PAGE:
While job hopping aimlessly is never a good idea, there are many good reasons to leave a job, says Lindsey Pollak, best-selling author, keynote speaker, and expert on next-generation career and workplace trends. "For instance, I do think it's appropriate to leave a job if you have an abusive boss, if you feel there is absolutely zero opportunity for learning or advancement, or if you have strong reason to believe you will be more fulfilled and better compensated someplace else," she says.
The problem is that some employers have strong reservations after seeing a resume with multiple jobs in the span of three years. Job hopping is commonly associated with disloyalty, fickleness, and unreliability.
However, if you can genuinely communicate your loyalty to your true passion in both your cover letter and interview before an employer can even raise an eyebrow, you can use job hopping in your favor. Consider these tactics to overcome misconceptions:
1. Express your passion. Above all, remember "to hop with reservation—don't constantly leave jobs because you're bored," says Sarah Piper-Goldberg, head of fun at DoSomething.org. Try and get a grip about what you really want to achieve before you hop to another job.
Employers can be amazing detectives when it comes to seeing through lackluster cover letters and interviews. In fact, when Piper-Goldberg interviews folks for her organization, she mainly looks for passion. "I know that everyone wants a job, that's why we receive hundreds of applications for every job we post," she says. "I want to know why you want the job, not just so you can add it to your resume, but why are you truly passionate about working with us?" Make the answer to this question loud and clear both in your cover letter and interview.
2. Be choosy on your resume. If you have a ton of jobs under your belt, don't feel pressured to include all of them, especially if there aren't many large gaps between them. "Better to include fewer experiences that created a greater impact than several engagements that had little leave-behind," Piper-Goldberg says. "Keep resumes short and sweet, and only include the things that really make you stand out."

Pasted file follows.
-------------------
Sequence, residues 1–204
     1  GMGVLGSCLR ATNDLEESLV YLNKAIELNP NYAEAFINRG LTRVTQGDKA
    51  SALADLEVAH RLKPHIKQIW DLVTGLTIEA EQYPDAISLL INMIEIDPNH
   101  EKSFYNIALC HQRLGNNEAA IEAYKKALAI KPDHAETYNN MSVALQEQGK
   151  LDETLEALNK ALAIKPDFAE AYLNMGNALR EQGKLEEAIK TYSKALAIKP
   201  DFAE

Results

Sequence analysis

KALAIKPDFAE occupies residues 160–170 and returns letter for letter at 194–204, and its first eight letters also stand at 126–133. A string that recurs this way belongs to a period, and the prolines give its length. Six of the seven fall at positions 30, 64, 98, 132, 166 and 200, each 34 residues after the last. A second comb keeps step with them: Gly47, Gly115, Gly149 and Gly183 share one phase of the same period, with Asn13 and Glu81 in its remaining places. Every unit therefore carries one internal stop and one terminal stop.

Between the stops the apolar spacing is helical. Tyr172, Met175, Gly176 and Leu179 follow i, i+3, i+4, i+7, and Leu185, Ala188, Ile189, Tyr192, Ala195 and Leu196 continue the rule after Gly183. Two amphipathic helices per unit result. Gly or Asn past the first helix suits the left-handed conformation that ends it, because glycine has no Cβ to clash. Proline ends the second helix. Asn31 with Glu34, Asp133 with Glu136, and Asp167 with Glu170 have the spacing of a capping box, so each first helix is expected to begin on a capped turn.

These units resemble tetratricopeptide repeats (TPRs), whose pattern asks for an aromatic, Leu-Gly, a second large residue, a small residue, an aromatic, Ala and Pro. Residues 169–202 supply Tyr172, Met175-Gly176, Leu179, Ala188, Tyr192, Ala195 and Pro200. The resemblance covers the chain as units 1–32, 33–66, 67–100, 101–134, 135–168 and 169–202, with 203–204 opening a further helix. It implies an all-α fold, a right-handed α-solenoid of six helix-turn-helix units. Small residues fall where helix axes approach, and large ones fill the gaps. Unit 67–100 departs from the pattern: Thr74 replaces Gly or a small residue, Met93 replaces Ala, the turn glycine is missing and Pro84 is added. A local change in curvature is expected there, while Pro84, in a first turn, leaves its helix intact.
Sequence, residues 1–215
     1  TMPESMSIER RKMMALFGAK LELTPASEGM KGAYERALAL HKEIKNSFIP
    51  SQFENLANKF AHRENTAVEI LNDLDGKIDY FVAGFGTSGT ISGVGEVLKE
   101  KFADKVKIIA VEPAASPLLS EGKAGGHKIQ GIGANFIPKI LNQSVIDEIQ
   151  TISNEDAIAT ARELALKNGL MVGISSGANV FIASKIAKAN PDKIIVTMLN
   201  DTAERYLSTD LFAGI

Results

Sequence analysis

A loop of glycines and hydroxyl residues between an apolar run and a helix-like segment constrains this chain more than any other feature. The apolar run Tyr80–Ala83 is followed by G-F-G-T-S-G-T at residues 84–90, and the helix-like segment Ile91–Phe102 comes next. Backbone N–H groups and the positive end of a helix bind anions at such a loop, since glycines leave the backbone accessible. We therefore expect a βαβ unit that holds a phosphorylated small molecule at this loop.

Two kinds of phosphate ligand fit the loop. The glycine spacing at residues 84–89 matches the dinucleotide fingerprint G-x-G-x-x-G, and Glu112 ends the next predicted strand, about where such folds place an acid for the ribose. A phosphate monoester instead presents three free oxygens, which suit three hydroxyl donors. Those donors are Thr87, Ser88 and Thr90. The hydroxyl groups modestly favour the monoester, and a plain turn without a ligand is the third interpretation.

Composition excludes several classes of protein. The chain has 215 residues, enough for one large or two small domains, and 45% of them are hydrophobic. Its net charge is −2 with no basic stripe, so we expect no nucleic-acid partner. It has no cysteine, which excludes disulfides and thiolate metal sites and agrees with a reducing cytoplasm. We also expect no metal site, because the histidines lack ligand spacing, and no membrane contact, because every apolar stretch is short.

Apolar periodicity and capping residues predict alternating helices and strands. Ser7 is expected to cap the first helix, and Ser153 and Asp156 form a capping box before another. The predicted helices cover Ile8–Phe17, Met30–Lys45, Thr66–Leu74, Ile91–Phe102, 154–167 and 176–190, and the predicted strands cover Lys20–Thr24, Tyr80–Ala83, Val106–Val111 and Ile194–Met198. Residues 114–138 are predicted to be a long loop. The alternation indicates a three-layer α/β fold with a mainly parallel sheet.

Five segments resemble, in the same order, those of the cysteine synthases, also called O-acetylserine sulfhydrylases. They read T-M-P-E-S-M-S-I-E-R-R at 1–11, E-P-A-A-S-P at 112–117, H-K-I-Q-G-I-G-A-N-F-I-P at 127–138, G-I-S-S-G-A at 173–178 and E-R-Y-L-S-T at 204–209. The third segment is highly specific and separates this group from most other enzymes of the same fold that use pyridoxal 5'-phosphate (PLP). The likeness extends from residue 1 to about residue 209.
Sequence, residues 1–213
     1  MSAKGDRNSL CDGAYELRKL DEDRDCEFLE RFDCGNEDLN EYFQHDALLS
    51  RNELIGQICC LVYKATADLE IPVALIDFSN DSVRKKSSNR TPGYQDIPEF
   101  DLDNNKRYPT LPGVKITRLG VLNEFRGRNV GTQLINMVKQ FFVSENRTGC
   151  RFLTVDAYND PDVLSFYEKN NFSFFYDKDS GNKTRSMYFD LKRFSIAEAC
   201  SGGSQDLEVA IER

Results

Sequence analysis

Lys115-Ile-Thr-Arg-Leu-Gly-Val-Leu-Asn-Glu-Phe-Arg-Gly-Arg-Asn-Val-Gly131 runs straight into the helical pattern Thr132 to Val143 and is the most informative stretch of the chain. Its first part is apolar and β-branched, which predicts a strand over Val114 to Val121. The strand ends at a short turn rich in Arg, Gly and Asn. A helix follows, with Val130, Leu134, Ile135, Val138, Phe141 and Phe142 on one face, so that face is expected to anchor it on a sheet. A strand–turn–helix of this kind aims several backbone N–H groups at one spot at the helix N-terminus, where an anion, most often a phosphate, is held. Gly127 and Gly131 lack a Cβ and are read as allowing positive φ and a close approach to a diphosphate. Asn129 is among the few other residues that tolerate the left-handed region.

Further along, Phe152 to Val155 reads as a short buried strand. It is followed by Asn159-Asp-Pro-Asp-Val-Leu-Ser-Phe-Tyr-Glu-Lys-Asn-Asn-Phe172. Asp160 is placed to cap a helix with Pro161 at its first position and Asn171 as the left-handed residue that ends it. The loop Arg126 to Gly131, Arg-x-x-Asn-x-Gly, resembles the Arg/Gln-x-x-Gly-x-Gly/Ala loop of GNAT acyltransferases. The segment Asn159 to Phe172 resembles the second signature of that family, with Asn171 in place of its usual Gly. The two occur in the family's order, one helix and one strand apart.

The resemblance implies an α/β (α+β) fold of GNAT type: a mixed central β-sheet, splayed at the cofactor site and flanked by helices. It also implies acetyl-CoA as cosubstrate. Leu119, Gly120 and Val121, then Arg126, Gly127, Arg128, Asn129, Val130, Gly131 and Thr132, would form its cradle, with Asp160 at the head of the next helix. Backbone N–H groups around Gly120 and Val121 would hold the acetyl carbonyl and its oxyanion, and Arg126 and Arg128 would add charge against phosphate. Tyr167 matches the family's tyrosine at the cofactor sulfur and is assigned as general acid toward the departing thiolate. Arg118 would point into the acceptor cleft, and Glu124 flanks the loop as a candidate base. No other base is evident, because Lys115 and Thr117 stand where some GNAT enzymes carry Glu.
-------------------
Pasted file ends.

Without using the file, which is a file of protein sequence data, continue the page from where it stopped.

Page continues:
3. Readily explain what you've learned. The best way to justify previous job hopping is to highlight the most important lessons, skills, and expertise you gained from each experience. Talk about how those helped shape who you are and your goals. "If you are able to show that you were dedicated to the job and you learned something new each time, you will seem accomplished, experienced, and excited to innovate in this next position," Piper-Goldberg says.
4. Be clear about why this role is right for you. After you have clarified your goals and explained what you've learned, it's time to relieve your interviewer's apprehension about you. Don't let them wonder whether or not you're in for the long haul or if you're just in it to quit it. Relate all of your experience back to the role and company at hand. Research their company culture beforehand and talk about how you believe you would be a great fit.
Above all: Make it clear that you are, in fact, looking for a company where you can grow, advance, and launch your career.
5. Show respect for wisdom. Pollak reminds Gen-Y that showing respect for wisdom and life experience of other generations can go a long way in helping you overcome the stereotypes that come with job hopping. "Sometimes it is important to do some grunt work to really be good at your job. Sometimes a phone call is more appropriate than a text. Sometimes slower is better than faster," she says. "The generations can all learn from each other—and the reality is that we're all on the same team."
Ritika Trikha is a writer for CareerBliss, an online career community dedicated to helping people find happiness in the workplace. Check out CareerBliss for millions of job listings, company reviews, salary information, and a free career happiness assessment.